Two years of disruption have taken their toll on education. New community spaces aim to help children catch up.
In Stemming the Return to Child Labour we explained the impact of long lockdowns on education, and reported how Manjari, the NGO that works in Budhpura and surrounding villages, has delivered educational resources to villages and workplaces to help fill the gap resulting from school closures.
At the beginning of 2022, schools were open for a time, but then closed again. The on/off availability of the classroom is very disruptive. Manjari’s approach has evolved during the various phases of Covid and the intention is to continue with the assistance provided, even if schools reopen permanently. There is much catching-up to do, if the children are to make up for the lost learning of the last two years.
To that end, three community spaces have been created, each in a different village. One is a dedicated anganwadi—an Early Childhood Centre. These centres, the first of which were established by the government over forty years ago, provide basic healthcare in rural villages, and generally offer contraceptive advice, nutritional supplements and education, as well as pre-school activities. An anganwadi is, essentially, a government responsibility. However, as Manjari’s Manish Singh explains, “Most are not appropriate to the needs of children far from habitation, so Manjari has provided support.”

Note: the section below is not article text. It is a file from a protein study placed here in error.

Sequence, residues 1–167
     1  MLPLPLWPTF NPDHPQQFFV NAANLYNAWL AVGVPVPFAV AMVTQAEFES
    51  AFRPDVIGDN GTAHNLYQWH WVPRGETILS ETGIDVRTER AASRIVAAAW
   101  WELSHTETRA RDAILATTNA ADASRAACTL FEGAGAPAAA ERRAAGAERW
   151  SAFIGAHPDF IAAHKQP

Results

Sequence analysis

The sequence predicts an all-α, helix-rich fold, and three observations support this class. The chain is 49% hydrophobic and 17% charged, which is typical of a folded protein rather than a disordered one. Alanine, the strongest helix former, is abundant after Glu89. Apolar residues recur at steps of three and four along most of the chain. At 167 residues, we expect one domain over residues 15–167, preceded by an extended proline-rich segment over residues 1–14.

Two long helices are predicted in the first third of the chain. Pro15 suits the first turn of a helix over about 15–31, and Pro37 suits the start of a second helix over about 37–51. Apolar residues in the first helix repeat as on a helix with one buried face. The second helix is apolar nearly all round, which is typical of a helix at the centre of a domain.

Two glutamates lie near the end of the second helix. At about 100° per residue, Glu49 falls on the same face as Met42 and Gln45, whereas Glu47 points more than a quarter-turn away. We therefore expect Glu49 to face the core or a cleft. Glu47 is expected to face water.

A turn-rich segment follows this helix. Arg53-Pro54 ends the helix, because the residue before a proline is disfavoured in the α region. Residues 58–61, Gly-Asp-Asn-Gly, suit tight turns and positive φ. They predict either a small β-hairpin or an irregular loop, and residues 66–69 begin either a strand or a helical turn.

Teachers have been brought in too. “And they are doing a proper job,” says Manish, who has experience of the sometimes erratic teaching methods in rural centres, “with lesson plans. We have minimum learning levels, and a daily diary of progress.”
There’s no doubt that the pandemic has had a huge effect, both on schooling and on the previous advances made in getting children into education. However, with the need to give more help to families in the surrounding areas, Manjari’s physical presence in villages has become more visible, which is a positive step in the journey to Child Labour Free Zones.